We will see thing like :
- How you had to start over from scratch to provide patterns for fat bodies: it’s simply not true! You already have the instructions, you sometimes already have videos sew-alongs, you have hashtags on social networks, you have a visibility on social network you didn’t have before, your first pattern had been tested and you have the experience from that. You know your contractor and your tools. It’s not nothing, its valuable or you wouldn’t do it in the first place.
- How you’ve extended your sizes in response to numerous requests about extending your size range. What does that mean, that you didn’t want to do it in the first place? That’s a great thing to say to people you want to sell something to! Are we children that have thrown a tantrum ? are you trying to make us feel guilty for asking?
- How you’re concerned about supporting this plus-size minority and want to include these less fortunate people that don’t have the luck to be thin enough to fit into your initial sizes.
Here is the data part so, hear me out: these different arguments are all based on a false assumption by people that didn’t do enough research.
These companies often think fat sewists should be grateful and there is really no reason to be grateful because of data! Jenny from Cashmerette has a big blog post about how plus-size is average size. Her numbers are from United States but they work from most of OCDE countries too (I know that France has 40 % of people that need at least a size 44 fr or 14 US, Cashmerette stated that 68% of USA folks that need more than a 14US, and I’m 100% sure these statistics exist in your country too). Plus-size patterns are not serving a niche and if you didn’t acknowledge half of your market potential before that’s your own business choice and expecting me to be grateful because now you do is delusional, we are not a charity case.
The release of the patterns itself shows a whole other set of various bizarre ideas, and here are some the things I see:
- No size chart : Buying your patterns shouldn’t be an act of faith. Maybe your previous customers didn’t need a size chart but plus-size sewists definitely need a size chart. If you’re telling us about your size range by telling us that you go up to a certain arbitrary size, then that’s also not helpful. I couldn’t tell you “my size” to save my life (Helen’s closet 30 is too big for me, Megan Nielsen 30 is too small for me, but my latest RTW garment is a Levi’s size 24W and it’s perfect), I can recite you my measurements even drunk or asleep and that is why I need a size chart.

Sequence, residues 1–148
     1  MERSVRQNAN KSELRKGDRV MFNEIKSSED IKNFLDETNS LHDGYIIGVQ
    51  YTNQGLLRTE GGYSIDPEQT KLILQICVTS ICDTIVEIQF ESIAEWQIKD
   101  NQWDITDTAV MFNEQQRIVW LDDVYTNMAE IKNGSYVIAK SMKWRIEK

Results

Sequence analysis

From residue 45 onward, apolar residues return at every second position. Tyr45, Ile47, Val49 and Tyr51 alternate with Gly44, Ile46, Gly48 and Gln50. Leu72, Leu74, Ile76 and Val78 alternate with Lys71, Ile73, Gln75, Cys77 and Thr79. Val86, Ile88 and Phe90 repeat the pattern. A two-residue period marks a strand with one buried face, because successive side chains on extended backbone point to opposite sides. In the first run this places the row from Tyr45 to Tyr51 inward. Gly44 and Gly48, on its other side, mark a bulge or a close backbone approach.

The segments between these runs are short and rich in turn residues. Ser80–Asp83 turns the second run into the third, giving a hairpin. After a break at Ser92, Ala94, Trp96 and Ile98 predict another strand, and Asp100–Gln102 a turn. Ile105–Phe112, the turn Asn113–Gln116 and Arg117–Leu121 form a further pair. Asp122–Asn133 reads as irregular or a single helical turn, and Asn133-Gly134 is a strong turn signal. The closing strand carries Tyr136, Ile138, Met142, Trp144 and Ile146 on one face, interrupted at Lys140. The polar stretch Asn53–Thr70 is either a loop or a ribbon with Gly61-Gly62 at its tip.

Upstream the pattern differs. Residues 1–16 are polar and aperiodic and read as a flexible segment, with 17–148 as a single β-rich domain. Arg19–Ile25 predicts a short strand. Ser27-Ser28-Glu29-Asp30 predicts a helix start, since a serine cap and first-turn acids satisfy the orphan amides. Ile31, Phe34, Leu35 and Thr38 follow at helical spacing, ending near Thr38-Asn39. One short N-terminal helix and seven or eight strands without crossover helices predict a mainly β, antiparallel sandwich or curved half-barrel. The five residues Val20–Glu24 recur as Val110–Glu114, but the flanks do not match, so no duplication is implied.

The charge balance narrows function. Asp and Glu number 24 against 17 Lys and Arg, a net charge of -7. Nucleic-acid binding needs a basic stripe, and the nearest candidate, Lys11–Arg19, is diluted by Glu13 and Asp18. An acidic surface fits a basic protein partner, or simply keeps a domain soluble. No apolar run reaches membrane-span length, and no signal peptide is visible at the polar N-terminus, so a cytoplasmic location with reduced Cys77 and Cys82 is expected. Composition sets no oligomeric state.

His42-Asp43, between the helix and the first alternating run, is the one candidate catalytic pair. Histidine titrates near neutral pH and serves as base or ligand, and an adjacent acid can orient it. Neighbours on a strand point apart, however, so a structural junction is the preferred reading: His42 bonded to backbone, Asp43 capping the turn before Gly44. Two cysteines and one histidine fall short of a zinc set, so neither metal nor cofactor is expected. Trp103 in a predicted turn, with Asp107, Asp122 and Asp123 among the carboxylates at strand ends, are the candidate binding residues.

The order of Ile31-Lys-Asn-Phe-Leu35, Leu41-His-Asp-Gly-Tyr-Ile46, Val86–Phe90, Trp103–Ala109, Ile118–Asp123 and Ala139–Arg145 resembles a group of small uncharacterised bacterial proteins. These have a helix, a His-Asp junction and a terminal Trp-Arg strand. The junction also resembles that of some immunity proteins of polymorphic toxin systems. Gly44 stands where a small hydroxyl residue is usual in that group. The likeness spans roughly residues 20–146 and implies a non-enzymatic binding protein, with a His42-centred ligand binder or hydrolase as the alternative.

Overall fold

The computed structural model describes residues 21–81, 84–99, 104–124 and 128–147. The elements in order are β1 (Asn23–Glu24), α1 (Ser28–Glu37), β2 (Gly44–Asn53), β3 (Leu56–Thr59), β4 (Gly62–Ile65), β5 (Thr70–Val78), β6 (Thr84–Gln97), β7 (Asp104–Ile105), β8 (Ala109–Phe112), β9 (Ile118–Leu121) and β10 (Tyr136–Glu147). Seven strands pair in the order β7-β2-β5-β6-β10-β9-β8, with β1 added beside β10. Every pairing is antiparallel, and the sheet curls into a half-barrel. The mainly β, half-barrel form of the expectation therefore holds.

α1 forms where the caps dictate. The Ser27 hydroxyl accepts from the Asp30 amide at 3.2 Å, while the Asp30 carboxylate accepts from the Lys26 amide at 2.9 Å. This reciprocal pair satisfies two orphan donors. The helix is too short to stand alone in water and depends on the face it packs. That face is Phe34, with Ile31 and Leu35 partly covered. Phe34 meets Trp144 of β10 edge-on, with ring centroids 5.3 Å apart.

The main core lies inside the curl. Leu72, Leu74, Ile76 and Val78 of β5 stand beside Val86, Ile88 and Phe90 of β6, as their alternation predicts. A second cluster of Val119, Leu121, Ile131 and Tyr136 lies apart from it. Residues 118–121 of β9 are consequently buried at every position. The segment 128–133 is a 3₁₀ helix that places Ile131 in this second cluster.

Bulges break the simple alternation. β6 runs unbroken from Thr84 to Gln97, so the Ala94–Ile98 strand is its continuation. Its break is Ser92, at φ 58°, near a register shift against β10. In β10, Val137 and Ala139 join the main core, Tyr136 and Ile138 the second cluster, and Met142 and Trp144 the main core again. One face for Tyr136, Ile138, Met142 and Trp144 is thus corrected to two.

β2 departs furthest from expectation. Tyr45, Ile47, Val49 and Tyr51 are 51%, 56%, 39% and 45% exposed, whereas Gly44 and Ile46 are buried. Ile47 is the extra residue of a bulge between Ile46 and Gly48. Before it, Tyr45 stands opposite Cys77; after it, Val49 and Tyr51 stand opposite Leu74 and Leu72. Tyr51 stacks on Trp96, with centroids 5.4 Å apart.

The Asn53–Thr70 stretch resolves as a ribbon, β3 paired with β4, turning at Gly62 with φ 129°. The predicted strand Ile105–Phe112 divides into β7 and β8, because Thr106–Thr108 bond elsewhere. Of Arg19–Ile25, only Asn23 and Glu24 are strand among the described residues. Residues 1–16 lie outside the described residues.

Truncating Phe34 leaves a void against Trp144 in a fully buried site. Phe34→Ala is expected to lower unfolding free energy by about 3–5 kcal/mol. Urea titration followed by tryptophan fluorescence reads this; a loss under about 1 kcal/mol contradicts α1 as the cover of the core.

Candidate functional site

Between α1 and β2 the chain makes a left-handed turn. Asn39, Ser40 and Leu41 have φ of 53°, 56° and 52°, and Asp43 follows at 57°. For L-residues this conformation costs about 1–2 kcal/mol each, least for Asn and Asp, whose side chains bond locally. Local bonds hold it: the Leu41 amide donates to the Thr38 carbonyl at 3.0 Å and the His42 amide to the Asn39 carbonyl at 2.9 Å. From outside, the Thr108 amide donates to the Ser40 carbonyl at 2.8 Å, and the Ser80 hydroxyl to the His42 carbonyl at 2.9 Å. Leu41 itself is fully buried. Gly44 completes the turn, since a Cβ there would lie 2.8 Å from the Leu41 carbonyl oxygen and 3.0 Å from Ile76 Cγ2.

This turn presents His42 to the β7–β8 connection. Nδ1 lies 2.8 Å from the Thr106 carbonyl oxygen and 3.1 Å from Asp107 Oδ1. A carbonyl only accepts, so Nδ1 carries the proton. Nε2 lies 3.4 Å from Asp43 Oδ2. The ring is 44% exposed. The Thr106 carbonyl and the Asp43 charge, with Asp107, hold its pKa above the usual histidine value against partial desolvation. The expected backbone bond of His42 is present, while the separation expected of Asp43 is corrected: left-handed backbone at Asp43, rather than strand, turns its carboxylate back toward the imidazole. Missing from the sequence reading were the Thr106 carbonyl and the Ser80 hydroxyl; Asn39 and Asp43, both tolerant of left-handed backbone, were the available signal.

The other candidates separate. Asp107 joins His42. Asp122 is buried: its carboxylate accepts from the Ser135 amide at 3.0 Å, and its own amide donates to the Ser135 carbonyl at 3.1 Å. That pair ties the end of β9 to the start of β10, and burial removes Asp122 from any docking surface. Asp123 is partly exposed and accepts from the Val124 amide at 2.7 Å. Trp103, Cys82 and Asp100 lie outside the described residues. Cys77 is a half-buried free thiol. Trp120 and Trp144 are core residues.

- Strange sizing ideas : we previously drafted for a B cup, we extended our sizing so now we provide patterns for people up to “size 30”, but yes in B cup nonetheless (I don’t often go around people asking for their bra size but size 30 and B cup seem like a niche, indeed). So, you’re almost sure that your pattern won’t fit straight-out-of-the-pack and if you settle for good enough/close enough for plus-size sewists, you should settle for a discounted price too. When I pay the same price for a pattern as my thinner friend, I’m expecting an equal quality pattern. Again, because I’m a paying customer, not a charity case.
- Bad photo : Merchant and Mills have released a dress / top in their extended size range with two photos, one is the back and the other is from the side there is no photo from the front of the dress. With two photos, one is the back and the other is from the side there is no photo from the front of the dress. It’s a studio photo.. I don’t understand how you ended with no front photo and no details of the garment to show after having all the trouble to organise a photo shoot!
- Bad choice of model : Merchant and Mills again for the two-photo photoshoot. Their model is a size 20 for a 20 to 28 size range. Is it useful ? She could be in their photo shoot for the regular sizing and I wouldn’t bat an eye, she is lovely, but she doesn’t show your new sizing. It’s not a good model choice because I can’t tell the difference between a size 18 and a size 20 in a trapeze dress with a photo from the side.
- Ill-fitting garment on presentation photo : Megan Nielsen has a photo on her new Darling model with a plus size model who is gorgeous. On the advertising photo the sleeves of the garment appear not to fit, if it doesn’t fit a model how could it fit my far less perfect body? More concerning is the fact that of course it’s handmade garment so doesn’t the brand think to measure the biceps? It’s a common enough modification for plus size body, it’s one of the two adjustments that I know how to do without referring to books (full biceps and full bust adjustments)! Or did the brand settle for it because it was good enough?